Summer Reading & The “I Wonder Circle”

I’ve been catching up with Sean Musselman’s blog about science education. (Clicking “follow” is so easy. Actually reading content, not so much. I’m repeatedly rediscovering bloggers in my network that are overdue for the harvest. Musselman’s blog is a case in point.)  His recent post about the use of texts in science classes is useful, including this:

The National Science Teacher Association’s Science and Children has been publishing a list of outstanding trade books for several
years now with connections to learning strands and activities to boot.

moonbird-jkt_jpg

This got me thinking about what’s all the rage in parent-school talk—summer slippage in skills development.

I’m going to check out some of the titles on these lists on our next trip to the library (off the bat: Leopard and Silkie, by Brenda Peterson, and Moonbird, by Phillip Hoose).   I’m also resolved to check my inbox more regularly for Sean’s posts.

Musselman also blogged recently about the “I Wonder Circle” and about the nature of inquiry in teaching elementary science. Those of us getting our toes wet in citizen science and OOST-based science may also find his posts on this subject useful.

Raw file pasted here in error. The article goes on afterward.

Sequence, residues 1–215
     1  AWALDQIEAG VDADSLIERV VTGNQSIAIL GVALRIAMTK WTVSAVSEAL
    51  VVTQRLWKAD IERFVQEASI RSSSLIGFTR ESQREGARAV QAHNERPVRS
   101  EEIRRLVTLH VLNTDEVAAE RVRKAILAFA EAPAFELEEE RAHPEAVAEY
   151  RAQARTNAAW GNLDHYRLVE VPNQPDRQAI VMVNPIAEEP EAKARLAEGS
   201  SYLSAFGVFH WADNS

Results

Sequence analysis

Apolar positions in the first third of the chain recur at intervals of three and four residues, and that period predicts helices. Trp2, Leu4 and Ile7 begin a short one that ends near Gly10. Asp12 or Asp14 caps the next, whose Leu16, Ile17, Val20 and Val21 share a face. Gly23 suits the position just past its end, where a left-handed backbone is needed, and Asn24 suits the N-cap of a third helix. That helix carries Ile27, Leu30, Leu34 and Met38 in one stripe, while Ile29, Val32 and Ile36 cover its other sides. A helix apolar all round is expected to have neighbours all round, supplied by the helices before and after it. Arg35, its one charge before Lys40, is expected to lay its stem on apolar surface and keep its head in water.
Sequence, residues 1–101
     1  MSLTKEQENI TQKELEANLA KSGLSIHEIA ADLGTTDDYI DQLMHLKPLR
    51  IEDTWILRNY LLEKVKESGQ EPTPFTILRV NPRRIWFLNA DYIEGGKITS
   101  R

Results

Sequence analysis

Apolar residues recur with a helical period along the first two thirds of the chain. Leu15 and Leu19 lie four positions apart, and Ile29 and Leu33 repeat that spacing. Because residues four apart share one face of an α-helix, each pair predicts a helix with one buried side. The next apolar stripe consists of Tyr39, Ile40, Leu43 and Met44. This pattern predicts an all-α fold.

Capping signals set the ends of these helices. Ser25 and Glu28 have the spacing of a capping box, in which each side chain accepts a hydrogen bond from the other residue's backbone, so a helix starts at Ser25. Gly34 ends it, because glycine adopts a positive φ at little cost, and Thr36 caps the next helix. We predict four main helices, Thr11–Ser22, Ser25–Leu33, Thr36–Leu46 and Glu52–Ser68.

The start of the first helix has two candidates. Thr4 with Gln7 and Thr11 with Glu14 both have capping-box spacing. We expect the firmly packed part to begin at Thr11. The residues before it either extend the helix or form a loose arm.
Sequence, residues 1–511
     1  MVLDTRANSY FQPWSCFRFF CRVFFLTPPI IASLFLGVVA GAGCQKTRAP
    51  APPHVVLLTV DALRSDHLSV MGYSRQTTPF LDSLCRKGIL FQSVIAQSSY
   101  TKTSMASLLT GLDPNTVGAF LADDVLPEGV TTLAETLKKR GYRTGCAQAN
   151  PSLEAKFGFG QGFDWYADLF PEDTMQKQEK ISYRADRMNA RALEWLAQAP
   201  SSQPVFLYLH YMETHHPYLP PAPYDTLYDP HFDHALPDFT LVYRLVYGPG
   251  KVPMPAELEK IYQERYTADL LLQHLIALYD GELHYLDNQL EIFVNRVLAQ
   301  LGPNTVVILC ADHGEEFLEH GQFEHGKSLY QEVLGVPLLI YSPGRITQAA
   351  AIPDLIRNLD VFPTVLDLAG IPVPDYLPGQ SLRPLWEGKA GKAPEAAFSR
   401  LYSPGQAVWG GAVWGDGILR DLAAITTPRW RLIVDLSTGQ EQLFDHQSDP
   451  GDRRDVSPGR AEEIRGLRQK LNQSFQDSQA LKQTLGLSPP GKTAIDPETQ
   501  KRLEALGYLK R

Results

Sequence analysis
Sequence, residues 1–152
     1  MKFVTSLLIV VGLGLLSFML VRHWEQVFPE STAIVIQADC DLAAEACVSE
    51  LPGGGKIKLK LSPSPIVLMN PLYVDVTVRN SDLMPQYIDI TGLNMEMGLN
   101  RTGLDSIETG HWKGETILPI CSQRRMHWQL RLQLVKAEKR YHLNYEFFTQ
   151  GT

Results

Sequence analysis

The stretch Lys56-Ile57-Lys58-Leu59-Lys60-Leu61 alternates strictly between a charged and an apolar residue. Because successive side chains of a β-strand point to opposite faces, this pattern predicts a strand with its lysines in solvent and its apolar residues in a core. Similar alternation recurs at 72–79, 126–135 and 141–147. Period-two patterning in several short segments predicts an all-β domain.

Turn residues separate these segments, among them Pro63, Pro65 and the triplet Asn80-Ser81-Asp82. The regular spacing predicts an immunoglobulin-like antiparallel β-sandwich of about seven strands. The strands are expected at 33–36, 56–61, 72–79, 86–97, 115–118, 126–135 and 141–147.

The Host-Parasite Thing, with Many Digressions

Image copyright University of Montreal
Did you know? Ladybugs, aka ladybeetles, can be parasitized by wasps.

Ideas and facts aren’t bad just because we acquire them via social media. As a parent and self-teaching nature club guide* I’ll take what I can get from the Internet. Here’s an example. So am I a host or a parasite in the digital food chain?

*I’ve been calling myself a “leader” of the club I started for elementary kids. but that’s because, in addition to “teacher,” it’s what the other spunworgs** seem to expect. But I think I’m ditching that. “Leader” is  girlscoutspeak. (Let me tell you sometime about my research on the scouting movement in mid-20th century Botswana. But not here.) Point is, I actually don’t lead the kids; they tend to lead me.

**I hope my twelve-year-old never outgrows her capacity to speak backwards. She’s been a happy contributor to our family-specific lexicon. I bet you’ve got an FSL, too. You do know adolescents have always been a fundamental contributor to language change, throughout human history, don’t you? You may love or hate particular neologisms (I got me some humdingers I love to hate), but do not a Luddite be on slang as a whole.

Goings-on for Kids at the Harvard Museum of Natural History

Yet more shilling for the Harvard Museum of Natural History…seriously, these look like terrific programs.

Harvard Museum of Natural History Goings-On

Kids’ classes, clubs, and programs – Harvard Museum of Natural History.